As part of its Racial Equity and Justice Initiative, Apple on Tuesday shared a guide for teachers and parents on how to discuss race and equity in the classroom.
With the United States reeling after the videotaped death of George Floyd while in police custody, Apple CEO Tim Cook penned an open letter imploring people to “stand together” and acknowledge the reality of racism and “deeply rooted discrimination” in the country.
The letter, titled “Speaking up on racism,” comes after more than a week of protests and rioting. It appears at the top of Apple’s homepage today. You can read the whole thing below.
Apple CEO Tim Cook revealed to employees in an email this week that Apple will make $2 million worth of donations to organizations “who work to rid our country of hate.”
The donations come as a response to the tragic events of Charlottesville which Cook told employees have been deeply troubling for him personally. Cook, who has first hand experience with the devastating impacts of the KKK, took aim at President Donald Trump in his letter for supporting the white supremacists and says that Apple plans to play an important role in bringing about positive change.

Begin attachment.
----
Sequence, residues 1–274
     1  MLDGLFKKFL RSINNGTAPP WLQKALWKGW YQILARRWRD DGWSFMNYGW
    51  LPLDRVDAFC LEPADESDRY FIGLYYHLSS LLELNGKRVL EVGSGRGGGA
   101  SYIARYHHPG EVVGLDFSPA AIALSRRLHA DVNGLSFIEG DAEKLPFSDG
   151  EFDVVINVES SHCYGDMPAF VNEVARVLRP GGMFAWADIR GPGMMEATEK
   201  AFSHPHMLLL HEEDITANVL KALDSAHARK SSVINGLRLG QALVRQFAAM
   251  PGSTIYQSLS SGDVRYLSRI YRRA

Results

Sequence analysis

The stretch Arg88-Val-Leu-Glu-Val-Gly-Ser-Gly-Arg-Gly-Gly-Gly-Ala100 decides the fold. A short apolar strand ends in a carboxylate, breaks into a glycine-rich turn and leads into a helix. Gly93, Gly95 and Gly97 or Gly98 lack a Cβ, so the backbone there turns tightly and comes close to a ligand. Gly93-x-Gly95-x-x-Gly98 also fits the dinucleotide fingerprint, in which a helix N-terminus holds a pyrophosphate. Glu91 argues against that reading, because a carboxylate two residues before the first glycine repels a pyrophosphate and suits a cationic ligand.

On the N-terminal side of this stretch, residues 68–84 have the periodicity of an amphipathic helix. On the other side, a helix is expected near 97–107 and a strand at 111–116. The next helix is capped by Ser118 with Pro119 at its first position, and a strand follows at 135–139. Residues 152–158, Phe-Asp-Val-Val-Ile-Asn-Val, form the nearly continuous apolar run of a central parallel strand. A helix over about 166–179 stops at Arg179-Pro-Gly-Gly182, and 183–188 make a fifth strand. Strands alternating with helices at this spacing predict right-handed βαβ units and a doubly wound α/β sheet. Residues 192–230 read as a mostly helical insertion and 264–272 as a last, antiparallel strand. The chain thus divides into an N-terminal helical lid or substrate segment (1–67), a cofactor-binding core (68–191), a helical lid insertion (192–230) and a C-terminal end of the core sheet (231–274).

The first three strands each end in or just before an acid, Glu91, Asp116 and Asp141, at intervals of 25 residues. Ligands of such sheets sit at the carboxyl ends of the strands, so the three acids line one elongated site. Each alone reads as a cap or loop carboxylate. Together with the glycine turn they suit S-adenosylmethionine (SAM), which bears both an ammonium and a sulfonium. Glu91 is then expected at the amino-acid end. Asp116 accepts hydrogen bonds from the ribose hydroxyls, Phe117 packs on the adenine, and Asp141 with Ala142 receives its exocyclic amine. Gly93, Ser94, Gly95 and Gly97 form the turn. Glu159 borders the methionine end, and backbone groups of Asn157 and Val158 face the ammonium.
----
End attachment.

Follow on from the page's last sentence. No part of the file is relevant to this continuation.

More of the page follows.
An Apple Store in Australia has come under fire this week thanks to video footage of a store manager kicking six black school boys out of a store because security was worried they might steal something.
Footage of the incident at the Melbourne store hit the Internet on Tuesday, causing a an outcry on social media that the store was being racist to the boys, who are all black and in Year 10 at Maribyrnong College in Melbourne.
“These guys are just a bit worried about your presence in our store,” an Apple staff member can be seen telling the teenagers in the video. “They’re just a bit worried you might steal something.”
You can catch a clip of the exchange below:
Samsung is trying to weasel out of paying up to Apple, asking Judge Lucy Koh for a mistrial based upon the supposedly “racist” remarks of Cupertino’s attorneys. But Judge Lucy Koh was having none of it.
We often wonder about what the “woman behind the curtain” would look like when we use voice action apps such as Siri but for the Android alternative Iris, we now have a pretty good idea. Iris was an app created for Android by developers Dexetra and started as a tongue-in-cheek reply to iPhone’s Siri. It became immensely popular and currently has over 1 million installs. Things seemed to be going good for this Android Siri competitor until Gizmodo recently revealed the “woman behind the curtain.” It turns out ChaCha, the search engine behind the app, is a bigoted, religious zealot that may have some disturbing answers to some of your questions.